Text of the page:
All oak used in winemaking is White Oak. However, in the U.S., Quercus Alba is the dominant type. In France, Quercus Petraea (also known as Sissile Oak) and Quercus Robur are the most common, with Quercus Petraea being considered the finest and therefore the most cultivated.


American oak is more porous than French oak, as a rule. This means that wine inside will oxidize faster, which brings with it a whole other set of flavors such as dates, nuts and herbs. It also means that more of the water will evaporate out more quickly, so winemakers have to be extra vigilant in making sure they keep barrels topped off.

French oak is much less porous. It’s therefore better for longer aging, and doesn’t require quite the same attention. (Note: a very glaring exception to the “better for long aging” rule is Rioja and Ribera del Duero, where they use American oak as much as French, and age red wines in barrels longer than just about anyone.)


French oak imparts firmer, but silkier tannins, whereas American oak gives more obvious, rougher tannins that will need time in the bottle to mellow out.

One final note...

Don’t be afraid of oak! When integrated correctly, it makes good wine special. There’s a very good chance that the wine you’ve liked the most in your life benefited from time spent in barrels. Below are two examples of wines with perfectly integrated oak profiles, one using American oak, the other, French.

 Alto de la Ballena Tannat-Merlot-Cabernet Franc 2013 - $23 - Only a portion is aged in American oak barrels, then reblended before bottling. This is a very common approach, as it pushes the flavors of the wood lower in the wine’s profile so they only accent the wine instead of overpower it. The wine aged in the barrel will also be smoother, sweeter and softer than the rest of the wine, which adds overall balance.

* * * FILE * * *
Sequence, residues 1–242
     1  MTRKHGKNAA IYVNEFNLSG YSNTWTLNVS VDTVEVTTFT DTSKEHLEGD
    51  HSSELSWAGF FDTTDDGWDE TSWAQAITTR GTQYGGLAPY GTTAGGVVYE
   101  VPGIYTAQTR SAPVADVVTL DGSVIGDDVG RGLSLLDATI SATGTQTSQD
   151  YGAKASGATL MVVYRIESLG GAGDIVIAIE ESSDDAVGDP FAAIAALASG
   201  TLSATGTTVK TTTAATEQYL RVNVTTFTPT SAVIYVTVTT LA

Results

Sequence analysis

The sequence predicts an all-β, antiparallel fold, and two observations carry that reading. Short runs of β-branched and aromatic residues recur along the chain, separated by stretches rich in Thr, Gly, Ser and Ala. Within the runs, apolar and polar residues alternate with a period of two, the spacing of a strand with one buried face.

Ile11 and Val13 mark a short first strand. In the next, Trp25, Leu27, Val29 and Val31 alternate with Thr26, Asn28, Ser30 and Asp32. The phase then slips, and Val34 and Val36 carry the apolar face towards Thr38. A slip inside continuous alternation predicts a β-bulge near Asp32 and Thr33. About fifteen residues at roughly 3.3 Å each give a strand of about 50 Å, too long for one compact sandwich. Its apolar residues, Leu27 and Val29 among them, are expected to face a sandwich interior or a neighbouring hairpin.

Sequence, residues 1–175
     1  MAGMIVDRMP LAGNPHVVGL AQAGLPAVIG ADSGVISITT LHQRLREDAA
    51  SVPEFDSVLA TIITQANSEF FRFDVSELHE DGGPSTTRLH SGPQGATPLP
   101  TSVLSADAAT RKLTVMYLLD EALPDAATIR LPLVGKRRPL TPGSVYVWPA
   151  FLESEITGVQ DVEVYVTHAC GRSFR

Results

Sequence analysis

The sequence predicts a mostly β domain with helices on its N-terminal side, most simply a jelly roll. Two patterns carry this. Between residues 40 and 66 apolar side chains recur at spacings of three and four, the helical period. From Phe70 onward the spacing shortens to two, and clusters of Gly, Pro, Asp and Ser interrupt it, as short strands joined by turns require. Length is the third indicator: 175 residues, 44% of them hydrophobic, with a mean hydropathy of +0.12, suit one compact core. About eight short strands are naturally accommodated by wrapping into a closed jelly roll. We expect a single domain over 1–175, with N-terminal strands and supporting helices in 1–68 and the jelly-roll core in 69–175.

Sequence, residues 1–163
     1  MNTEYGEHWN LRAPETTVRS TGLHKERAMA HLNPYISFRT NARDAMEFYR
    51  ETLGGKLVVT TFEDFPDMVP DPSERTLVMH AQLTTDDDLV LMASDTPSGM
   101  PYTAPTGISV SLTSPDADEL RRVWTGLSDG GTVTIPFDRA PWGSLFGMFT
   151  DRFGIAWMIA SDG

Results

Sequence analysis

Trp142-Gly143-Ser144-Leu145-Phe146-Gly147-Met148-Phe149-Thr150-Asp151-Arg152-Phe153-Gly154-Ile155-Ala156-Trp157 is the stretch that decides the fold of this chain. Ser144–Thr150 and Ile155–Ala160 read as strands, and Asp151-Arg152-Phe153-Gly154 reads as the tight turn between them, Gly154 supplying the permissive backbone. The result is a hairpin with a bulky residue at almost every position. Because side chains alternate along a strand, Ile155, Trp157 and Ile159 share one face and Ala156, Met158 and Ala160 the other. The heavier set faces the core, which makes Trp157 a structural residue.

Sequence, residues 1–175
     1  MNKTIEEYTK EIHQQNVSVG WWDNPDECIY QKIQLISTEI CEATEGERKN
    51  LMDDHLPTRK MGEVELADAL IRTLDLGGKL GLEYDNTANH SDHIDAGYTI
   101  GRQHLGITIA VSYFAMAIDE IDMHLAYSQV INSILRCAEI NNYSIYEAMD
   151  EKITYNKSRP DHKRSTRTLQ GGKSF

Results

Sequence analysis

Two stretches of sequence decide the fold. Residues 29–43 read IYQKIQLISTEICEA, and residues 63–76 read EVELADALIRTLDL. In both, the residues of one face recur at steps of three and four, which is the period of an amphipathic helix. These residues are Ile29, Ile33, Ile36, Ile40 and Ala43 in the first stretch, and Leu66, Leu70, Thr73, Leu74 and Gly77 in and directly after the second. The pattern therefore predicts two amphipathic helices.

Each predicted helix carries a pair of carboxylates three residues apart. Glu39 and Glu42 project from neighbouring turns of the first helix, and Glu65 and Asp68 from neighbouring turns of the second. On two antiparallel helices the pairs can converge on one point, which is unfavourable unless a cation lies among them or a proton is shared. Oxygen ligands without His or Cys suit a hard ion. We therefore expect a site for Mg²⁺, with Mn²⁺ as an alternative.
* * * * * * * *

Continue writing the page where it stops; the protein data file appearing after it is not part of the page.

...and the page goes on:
Alto de la Ballena Tannat-Merlot-Cabernet Franc 2013 - $23 - Only a portion is aged in American oak barrels, then reblended before bottling. This is a very common approach, as it pushes the flavors of the wood lower in the wine’s profile so they only accent the wine instead of overpower it. The wine aged in the barrel will also be smoother, sweeter and softer than the rest of the wine, which adds overall balance.

 San Pedro de Yacochuya Red Blend 2013 - $32- 60% of the wine spends 12 months in new French oak.

San Pedro de Yacochuya Red Blend 2013 - $32- 60% of the wine spends 12 months in new French oak.





Recap: Bolivian Wines Visit Grand Cata

 Cordial, knowledgeable and talented, Francisco led us on quite the journey through Bolivia

Cordial, knowledgeable and talented, Francisco led us on quite the journey through Bolivia

Last Saturday, we hosted Francisco Roig from 1750 Vineyards, a cutting edge winery in Bolivia. We packed our communal table to the max, and Francisco led us on an eye-opening journey through the wines of two Bolivian producers.